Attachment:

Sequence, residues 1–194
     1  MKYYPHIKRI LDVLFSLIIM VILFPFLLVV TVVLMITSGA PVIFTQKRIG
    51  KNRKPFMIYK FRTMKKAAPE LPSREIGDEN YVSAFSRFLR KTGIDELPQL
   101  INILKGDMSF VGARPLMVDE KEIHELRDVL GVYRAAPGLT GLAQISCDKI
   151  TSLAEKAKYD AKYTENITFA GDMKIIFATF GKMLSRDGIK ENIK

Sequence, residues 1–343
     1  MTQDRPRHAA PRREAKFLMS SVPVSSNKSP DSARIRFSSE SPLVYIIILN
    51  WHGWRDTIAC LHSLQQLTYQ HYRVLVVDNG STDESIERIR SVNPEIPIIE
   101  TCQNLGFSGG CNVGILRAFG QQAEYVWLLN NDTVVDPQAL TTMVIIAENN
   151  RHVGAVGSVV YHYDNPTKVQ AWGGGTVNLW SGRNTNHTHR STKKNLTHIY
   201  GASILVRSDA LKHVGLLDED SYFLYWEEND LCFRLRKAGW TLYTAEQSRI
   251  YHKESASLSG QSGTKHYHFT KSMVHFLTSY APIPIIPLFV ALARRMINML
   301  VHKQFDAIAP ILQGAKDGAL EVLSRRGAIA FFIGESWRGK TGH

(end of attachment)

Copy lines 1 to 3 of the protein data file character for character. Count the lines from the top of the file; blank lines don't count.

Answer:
Sequence, residues 1–194
     1  MKYYPHIKRI LDVLFSLIIM VILFPFLLVV TVVLMITSGA PVIFTQKRIG
    51  KNRKPFMIYK FRTMKKAAPE LPSREIGDEN YVSAFSRFLR KTGIDELPQL